Tru dat.

Geno
08-29-12, 11:17 PM
Only thing parents can really do to help their kids is homeschool them (in addition to making sure they get social interaction in other ways). It's not as time consuming as it was in the old days, there's online homeschooling things now where the parent has to put very little time or effort in to it.

oneup
08-30-12, 12:12 AM
My Mom's a teacher, about to retire. Last year she was constantly complaining about this kid in her class, and how his mom needed to get him evaluated for adhd and medicated.

Somehow the irony that she had never taken me as a kid to get evaluated was lost on her...despite all the trouble I got into...

But in her district they are putting all the autism kids in with everyone else since its better for them, at least the mild autism kiddies according to some reasearch or something. I can understand why the older teachers are complaining about more work but still they get paid a lot so I don't get it.

Geno
08-30-12, 12:28 AM
My Mom's a teacher, about to retire. Last year she was constantly complaining about this kid in her class, and how his mom needed to get him evaluated for adhd and medicated.

Somehow the irony that she had never taken me as a kid to get evaluated was lost on her...despite all the trouble I got into...

But in her district they are putting all the autism kids in with everyone else since its better for them, at least the mild autism kiddies according to some reasearch or something. I can understand why the older teachers are complaining about more work but still they get paid a lot so I don't get it.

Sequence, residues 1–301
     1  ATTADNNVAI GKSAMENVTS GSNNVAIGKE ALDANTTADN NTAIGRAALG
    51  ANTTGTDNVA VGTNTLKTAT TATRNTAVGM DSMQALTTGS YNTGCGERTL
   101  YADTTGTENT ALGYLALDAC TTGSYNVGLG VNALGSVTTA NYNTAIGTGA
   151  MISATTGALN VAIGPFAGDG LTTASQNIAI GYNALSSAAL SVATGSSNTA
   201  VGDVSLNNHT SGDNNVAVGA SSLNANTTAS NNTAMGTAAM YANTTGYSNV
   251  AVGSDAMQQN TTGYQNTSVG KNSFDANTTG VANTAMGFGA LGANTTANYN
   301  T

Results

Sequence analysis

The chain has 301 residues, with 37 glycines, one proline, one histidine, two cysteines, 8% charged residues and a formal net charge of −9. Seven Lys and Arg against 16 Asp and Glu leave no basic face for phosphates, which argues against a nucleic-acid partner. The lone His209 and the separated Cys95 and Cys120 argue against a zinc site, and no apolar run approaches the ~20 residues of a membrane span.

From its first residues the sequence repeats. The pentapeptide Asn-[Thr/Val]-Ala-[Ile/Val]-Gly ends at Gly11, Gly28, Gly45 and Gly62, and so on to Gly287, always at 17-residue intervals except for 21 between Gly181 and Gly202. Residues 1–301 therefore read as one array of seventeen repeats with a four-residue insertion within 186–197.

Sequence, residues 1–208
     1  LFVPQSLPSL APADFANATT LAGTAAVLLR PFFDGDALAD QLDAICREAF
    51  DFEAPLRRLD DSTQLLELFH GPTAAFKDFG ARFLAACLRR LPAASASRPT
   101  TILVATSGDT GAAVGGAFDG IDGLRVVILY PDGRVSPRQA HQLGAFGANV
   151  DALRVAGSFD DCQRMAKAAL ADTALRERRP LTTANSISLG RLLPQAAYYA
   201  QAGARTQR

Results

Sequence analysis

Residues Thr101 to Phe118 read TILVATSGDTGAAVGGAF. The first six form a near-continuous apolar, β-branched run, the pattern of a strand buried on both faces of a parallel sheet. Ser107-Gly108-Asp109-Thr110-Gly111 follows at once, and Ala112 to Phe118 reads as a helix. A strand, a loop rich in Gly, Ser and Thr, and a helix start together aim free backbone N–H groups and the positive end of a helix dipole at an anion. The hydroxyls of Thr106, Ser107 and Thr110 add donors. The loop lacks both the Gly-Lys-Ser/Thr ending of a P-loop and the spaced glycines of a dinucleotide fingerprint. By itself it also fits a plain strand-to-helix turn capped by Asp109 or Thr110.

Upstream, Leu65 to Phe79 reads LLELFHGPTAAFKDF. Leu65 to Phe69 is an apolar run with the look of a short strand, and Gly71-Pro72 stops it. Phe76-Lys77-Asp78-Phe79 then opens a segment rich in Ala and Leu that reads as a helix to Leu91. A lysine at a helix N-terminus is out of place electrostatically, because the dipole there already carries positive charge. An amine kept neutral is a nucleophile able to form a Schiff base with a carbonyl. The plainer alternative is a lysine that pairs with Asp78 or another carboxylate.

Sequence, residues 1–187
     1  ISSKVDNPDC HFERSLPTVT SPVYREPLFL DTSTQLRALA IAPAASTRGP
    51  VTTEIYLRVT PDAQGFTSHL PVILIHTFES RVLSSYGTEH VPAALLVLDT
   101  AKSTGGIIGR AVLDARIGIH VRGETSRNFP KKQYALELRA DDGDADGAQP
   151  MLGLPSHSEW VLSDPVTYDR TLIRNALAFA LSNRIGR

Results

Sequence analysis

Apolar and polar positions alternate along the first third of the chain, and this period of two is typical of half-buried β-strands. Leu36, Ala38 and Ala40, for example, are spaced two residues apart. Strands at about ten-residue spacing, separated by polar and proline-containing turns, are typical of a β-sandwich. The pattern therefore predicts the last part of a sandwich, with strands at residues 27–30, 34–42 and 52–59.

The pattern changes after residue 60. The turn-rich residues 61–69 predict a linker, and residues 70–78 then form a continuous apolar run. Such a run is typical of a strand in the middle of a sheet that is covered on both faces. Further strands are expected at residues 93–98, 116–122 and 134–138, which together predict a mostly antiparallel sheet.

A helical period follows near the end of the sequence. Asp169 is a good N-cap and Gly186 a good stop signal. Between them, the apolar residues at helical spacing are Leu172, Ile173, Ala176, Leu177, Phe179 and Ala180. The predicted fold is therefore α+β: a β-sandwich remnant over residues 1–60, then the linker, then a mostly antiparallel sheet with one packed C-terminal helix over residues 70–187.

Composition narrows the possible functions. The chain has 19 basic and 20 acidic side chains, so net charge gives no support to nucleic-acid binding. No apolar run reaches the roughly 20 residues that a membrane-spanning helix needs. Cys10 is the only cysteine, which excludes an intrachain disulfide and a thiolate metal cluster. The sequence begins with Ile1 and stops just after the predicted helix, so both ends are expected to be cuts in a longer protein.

I don't think high-functioning autistics should be in seperate special ed classes because they're not mentally retarded. If I was an HFA kid and they tried to put me in the same class with the down syndrome(no offense, just picked a condition that causes low IQ) I'd be insulted big time. I've met people with HFA and I see no reason why they'd need to be in special ed unless they either had a very low IQ(under 70, the upper limit for mental retardation) or had meltdowns on a daily basis.

CheekyMonkey
08-30-12, 12:39 AM
I get that it is hard. Having an over crowded classroom, and having to be able to teach to different levels and handle different behaviors.

But why do they insult the children and their parents?! Why don't they complain about the SYSTEM that has failed everyone?"

I work closely with many teachers, teaching them about how to incorporate autistic kids into their classroom and support them. Most of them are clueless about autism, but willing to learn. Most of the behavioral things that help non-typical kids work great for typical kids as well.


Thanks for the replies, I needed to get this out and make sure I wasn't losing my mind!

Geno
08-30-12, 12:49 AM
I get that it is hard. Having an over crowded classroom, and having to be able to teach to different levels and handle different behaviors.

Hahaha, I don't feel bad for any of them. They knew exactly what they were getting in to when they became teachers as most of them went to school as kids themselves in addition to going through 4 years of college. If they went in to the profession thinking it was going to be all sunshine and roses teaching perfect kids and just needing to hand out work and grading it, then they deserve the stress and aggravation . It's not supposed to be easy, and if they wanted an easy job they should have looked in to another career path.

CheekyMonkey
08-30-12, 12:58 AM